But that’s not enough. It’s also about educating your workforce about the implications of a constantly changing digital environment. Almost every company out there has heard the ubiquitous calls for a ‘change of attitude’ to cybersecurity by now. But how can their employees put this new attitude into action without practical guidance?
Aside from cybersecurity awareness training, which should be a requirement for every employee, finance teams must be trained to report potential vulnerabilities and attacks as soon as possible.
Secondly, they should be made to consider the implications of their actions from a cybersecurity perspective. At every turn, they should think how their actions may increase the business’ exposure to attack.
This may require involving the CISO in strategy or business development meetings, for example, as well as in board meetings, so they are aware of recent initiatives and can express their security concerns from a business viewpoint.
Establishing exposure to risk
Up to now the process of allocating budget to cybersecurity has not been an exact science, and this has created confusion regarding ownership of the function within business. Many businesses operate without measuring their exposure to risk – meaning they don’t know how much it would cost them if a successful cyber attack took place.
According to IBM’s latest cost of data breach study, the average cost of a data breach globally is US$3.62 million – and the size of these breaches is increasing
Given how critical it now is to the financial viability of a business, CFOs and FDs should take the lead and demand a demonstrable measure of their organization’s risk exposure in cyberspace. Not only will this help them secure insurance policies which leave them fully covered in the event of an attack, but it will also to allow them to align the correct amount of budget to cybersecurity spend.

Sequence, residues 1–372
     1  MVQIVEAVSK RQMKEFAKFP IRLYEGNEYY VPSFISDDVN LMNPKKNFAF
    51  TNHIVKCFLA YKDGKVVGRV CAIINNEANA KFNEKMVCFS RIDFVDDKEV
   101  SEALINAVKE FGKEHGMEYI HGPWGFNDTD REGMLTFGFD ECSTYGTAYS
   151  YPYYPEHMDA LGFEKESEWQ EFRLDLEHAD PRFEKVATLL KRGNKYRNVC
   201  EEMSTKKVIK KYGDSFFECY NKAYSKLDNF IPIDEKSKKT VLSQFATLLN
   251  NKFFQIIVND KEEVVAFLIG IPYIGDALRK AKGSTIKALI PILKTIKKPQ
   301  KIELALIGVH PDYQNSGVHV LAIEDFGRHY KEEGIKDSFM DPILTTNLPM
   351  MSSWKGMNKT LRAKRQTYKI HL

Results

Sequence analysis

Cybersecurity can no longer be considered as simply a technological risk. It is now a business-critical risk. According to IBM’s latest cost of data breach study, the average cost of a data breach globally is US$3.62 million – and the size of these breaches is increasing.
A reactive approach simply isn’t sufficient to prevent costly and irrevocable damage to an organization.
It’s widely accepted that the senior finance team should take a leading role in helping their organization implement a robust, pragmatic, and proactive strategy to deal with cyber threats. But this process will only work if finance works together with IT to create a reciprocal dialogue which is understood by both parties, formulate easily navigated frameworks, and educate the entire organization to the scale of its threat landscape.
While no protection against cyber attacks is foolproof – they are becoming more sophisticated every day – these steps are critical to effectively mitigate risk and defend against cyber threats. As Ginni Romety, the CEO of IBM, said: “Cyber crime is the greatest threat to every company in the world.” It’s worth listening to her.
About the Author
Vincent Goh is Vice President, Asia Pacific and Japan, of information security company CyberArk.